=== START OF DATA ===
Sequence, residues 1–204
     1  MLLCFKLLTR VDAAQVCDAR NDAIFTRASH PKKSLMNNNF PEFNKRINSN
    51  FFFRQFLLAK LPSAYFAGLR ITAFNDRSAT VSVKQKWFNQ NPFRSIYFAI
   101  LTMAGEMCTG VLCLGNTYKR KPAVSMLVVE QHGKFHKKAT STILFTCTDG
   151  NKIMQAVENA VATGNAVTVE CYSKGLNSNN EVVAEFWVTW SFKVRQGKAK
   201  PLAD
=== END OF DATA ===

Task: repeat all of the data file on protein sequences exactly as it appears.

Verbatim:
Sequence, residues 1–204
     1  MLLCFKLLTR VDAAQVCDAR NDAIFTRASH PKKSLMNNNF PEFNKRINSN
    51  FFFRQFLLAK LPSAYFAGLR ITAFNDRSAT VSVKQKWFNQ NPFRSIYFAI
   101  LTMAGEMCTG VLCLGNTYKR KPAVSMLVVE QHGKFHKKAT STILFTCTDG
   151  NKIMQAVENA VATGNAVTVE CYSKGLNSNN EVVAEFWVTW SFKVRQGKAK
   201  PLAD